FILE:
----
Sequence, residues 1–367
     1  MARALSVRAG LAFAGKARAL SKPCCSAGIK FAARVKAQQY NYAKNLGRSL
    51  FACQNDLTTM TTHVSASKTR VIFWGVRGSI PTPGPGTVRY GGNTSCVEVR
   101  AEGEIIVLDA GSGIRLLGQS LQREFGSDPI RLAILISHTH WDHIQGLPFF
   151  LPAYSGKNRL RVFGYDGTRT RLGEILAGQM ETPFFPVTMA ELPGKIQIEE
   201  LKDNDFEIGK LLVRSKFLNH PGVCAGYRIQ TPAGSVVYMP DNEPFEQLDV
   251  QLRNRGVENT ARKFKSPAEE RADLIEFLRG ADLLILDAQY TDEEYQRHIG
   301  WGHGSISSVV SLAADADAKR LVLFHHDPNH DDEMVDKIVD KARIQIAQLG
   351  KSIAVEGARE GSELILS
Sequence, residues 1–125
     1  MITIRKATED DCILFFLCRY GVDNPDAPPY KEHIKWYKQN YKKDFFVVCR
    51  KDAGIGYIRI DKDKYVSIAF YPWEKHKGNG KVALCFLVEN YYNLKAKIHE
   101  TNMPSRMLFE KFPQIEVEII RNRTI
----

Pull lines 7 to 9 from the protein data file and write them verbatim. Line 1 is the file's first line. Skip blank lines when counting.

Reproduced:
   251  QLRNRGVENT ARKFKSPAEE RADLIEFLRG ADLLILDAQY TDEEYQRHIG
   301  WGHGSISSVV SLAADADAKR LVLFHHDPNH DDEMVDKIVD KARIQIAQLG
   351  KSIAVEGARE GSELILS